I decided to have a go at writing a novel within a calendar month (yes I know about nanowrimo). I started Low Memory on September 1st. Come September 30th, I hadn’t finished. I’d written 53,000 words and the novel wasn’t finished. It feels like the story wants to be longer, so I’ll continue to the end. All three of the challenge novels were 50,000 words or under.

So I failed. Failed to write a novel in a calendar month. But guess what? There’s success in there. It feels like the novel will come to an end in the next few days. Probably close to 60,000 words. So, even though I didn’t write a novel in a month, I will have written a novel in around 35 days.

I’ll call that a success.

Three months down, three novels complete.

Ice Huntersglass baysmDeuterium shine small

I’ve done it! I’ve completed the challenge. Three months. Three novels.

I started in on Dean Wesley Smith’s challenge on May 18th. Under the terms of the challenge, I could write up to half of a novel in the previous month (as in, write up to half of June’s novel in May, half of July’s novel in June, half of August’s novel in July). I finished up Deuterium Shine on August 22nd. Three months and four days.

Two science fiction. One thriller. Obvious from the covers, I hope.

Two from series. One stand alone (Deuterium Shine, though that might need a sequel).

Short novels, I’ll admit (41,000, 45,000 and 50,000 words respectively). Most of my previous novels run to about 60,000 words. One or two have crept up over 80,000 words. Still, it’s 136,000 words for the three months, only around 1400 words per day (though there were a few side tracks in the novels I cut out, so still closer to my usual 1500 words per day actual writing).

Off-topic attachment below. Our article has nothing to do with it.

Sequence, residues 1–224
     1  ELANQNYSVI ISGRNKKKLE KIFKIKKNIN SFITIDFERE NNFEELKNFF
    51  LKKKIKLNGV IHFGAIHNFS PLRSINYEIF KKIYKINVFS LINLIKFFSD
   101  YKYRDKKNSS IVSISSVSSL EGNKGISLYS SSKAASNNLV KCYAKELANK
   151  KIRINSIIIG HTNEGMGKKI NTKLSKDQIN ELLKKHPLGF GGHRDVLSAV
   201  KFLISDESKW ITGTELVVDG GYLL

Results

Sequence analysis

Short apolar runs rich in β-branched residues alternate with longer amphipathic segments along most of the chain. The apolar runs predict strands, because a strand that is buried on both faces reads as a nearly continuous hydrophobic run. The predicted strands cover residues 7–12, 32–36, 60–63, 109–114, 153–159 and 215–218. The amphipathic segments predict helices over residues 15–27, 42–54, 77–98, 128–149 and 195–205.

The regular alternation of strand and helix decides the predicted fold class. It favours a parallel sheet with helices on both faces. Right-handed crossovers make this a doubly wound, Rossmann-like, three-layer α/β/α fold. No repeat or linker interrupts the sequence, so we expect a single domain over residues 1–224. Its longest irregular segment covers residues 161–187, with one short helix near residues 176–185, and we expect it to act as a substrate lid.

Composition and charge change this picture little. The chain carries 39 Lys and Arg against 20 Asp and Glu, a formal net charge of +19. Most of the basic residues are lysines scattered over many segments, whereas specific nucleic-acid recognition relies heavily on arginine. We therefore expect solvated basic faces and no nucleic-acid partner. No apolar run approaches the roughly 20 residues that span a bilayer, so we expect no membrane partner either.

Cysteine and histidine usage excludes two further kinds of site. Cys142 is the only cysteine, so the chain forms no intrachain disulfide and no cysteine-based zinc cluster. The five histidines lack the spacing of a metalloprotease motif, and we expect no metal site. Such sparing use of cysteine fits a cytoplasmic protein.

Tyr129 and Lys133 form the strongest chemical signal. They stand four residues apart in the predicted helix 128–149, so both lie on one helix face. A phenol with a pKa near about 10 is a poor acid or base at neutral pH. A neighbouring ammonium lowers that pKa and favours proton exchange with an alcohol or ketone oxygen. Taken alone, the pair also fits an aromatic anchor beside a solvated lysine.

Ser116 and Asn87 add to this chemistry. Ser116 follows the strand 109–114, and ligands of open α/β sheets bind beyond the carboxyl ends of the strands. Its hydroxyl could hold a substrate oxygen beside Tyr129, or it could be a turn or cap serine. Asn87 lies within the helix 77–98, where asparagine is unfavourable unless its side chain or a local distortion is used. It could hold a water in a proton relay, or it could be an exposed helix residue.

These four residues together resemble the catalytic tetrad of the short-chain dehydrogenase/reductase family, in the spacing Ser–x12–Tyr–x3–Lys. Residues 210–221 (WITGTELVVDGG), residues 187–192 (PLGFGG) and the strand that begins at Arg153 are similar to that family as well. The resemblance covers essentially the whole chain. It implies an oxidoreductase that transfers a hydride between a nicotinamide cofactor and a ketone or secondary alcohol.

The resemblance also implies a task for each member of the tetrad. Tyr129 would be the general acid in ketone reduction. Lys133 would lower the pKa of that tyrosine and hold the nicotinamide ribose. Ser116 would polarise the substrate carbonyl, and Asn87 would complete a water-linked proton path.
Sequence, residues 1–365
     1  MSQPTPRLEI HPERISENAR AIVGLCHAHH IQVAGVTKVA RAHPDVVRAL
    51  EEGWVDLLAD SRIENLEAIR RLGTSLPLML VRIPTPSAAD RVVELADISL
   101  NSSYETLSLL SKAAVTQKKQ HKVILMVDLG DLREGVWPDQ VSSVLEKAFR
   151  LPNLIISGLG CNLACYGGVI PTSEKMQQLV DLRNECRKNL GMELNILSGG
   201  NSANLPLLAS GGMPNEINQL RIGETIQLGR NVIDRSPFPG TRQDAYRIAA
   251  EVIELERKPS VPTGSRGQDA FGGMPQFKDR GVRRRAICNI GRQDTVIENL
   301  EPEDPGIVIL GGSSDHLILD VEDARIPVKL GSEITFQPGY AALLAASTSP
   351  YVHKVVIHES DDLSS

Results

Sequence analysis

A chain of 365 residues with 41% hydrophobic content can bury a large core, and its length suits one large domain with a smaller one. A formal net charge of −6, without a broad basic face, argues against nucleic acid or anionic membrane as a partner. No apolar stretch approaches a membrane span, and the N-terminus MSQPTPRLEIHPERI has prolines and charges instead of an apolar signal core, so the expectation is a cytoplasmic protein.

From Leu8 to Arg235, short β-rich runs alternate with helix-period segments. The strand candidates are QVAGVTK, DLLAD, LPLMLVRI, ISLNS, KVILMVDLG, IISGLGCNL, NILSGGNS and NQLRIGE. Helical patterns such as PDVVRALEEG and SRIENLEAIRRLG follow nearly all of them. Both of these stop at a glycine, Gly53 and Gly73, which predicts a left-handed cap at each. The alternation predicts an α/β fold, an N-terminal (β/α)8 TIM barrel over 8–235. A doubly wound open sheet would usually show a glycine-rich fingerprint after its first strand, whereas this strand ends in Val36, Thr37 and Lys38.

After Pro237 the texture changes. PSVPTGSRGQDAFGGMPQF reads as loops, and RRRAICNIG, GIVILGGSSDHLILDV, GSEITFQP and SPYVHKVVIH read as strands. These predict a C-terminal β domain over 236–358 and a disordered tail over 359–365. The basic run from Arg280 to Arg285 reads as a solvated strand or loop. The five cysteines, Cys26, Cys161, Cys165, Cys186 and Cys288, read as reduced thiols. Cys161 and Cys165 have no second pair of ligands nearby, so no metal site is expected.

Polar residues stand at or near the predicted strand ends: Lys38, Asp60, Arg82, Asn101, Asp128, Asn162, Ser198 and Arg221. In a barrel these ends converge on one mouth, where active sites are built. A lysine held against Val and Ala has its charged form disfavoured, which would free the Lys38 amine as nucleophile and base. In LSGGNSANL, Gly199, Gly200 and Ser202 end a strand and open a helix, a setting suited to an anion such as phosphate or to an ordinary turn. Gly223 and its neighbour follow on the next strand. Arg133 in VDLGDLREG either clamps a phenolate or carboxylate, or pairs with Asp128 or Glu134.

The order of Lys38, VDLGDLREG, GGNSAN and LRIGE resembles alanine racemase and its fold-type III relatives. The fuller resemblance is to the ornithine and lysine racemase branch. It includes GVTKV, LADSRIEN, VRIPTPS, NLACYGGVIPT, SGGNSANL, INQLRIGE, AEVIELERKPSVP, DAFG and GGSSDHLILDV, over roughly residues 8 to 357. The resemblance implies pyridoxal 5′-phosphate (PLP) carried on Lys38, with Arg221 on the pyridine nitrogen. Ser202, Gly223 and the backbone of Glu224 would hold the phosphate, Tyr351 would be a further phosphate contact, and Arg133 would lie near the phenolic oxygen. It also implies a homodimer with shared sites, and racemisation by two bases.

Now to get them tidied, copyedited and out into the world.

Writing these has been the: Best. Fun. Ever. Right now I’m working on a few short stories, but I’m thinking I’m going to continue with writing a novel a month for the rest of the year. Might as well, since it’s, you know, so much fun. Who knows, I might complete a few more novels by year’s end.

Onward.

Images by; Algol (Ice Hunters), Claudio Arnese (Glass Bay), Savagerus (Deuterium Shine), all Dreamstime.

How Hard is Writing?

keysI write a lot. I guess that’s a given. I love it. Love making up new worlds and new places. Love playing with new characters, throwing problems at them and seeing what happens.

I study a lot too. I take courses. I attend workshops. I read ‘how to’ books.
One thing I’ve noticed in several of these is how the author or presenter suggests something along the lines of “writing is hard” (one author even had a similar phrase in bold type in the middle of the page).

I would counter that with ‘writing is fun’. Sit at a desk and play. Make up whole worlds. Crush them with asteroids or oppressive rulers or dragons. Build a family putting themselves back together after tragedy. Track down a killer. Have a struggling musician succeed after so many setbacks.
Warm the hearts of your readers.

I love it.

I love it so much that I write every day. Recently someone asked me how I have such discipline. My response? It’s about the same amount of discipline as it takes to draw a breath.

As long as it’s fun, I’ll keep writing. I hope that my sense of enjoyment comes through my books for my readers. Yes I would like to do this full time, and I’m not there yet. But even without that, I still get to have the best fun ever, every single day.

I don’t fret over the writing. I let it be. I write the best I can, with the skills I have. I work on learning new skills along the way.

And I keep having fun.

Because writing is fun.

(Oh, and the author who bolded “writing is hard”? They’re a far more successful author than I (my congratulations). But also, crucially, they’re a very good business person. The book with the phrase was about marketing for writers. Now to me, marketing is hard. That’s why I was reading the book. To learn something about marketing.)